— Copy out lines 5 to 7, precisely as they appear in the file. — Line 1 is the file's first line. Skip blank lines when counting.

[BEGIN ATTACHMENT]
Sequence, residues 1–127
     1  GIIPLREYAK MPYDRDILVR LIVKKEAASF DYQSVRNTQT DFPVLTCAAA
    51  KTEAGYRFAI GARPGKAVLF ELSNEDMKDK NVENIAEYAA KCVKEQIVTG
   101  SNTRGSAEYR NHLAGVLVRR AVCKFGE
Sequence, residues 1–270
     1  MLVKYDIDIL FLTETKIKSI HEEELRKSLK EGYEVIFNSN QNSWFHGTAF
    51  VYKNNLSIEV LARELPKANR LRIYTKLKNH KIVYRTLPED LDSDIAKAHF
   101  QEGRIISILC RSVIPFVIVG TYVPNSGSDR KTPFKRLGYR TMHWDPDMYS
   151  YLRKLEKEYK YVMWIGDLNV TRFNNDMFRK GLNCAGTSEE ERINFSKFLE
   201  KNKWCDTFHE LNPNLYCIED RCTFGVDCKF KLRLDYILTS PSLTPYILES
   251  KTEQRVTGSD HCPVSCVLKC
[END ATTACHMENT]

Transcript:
Sequence, residues 1–270
     1  MLVKYDIDIL FLTETKIKSI HEEELRKSLK EGYEVIFNSN QNSWFHGTAF
    51  VYKNNLSIEV LARELPKANR LRIYTKLKNH KIVYRTLPED LDSDIAKAHF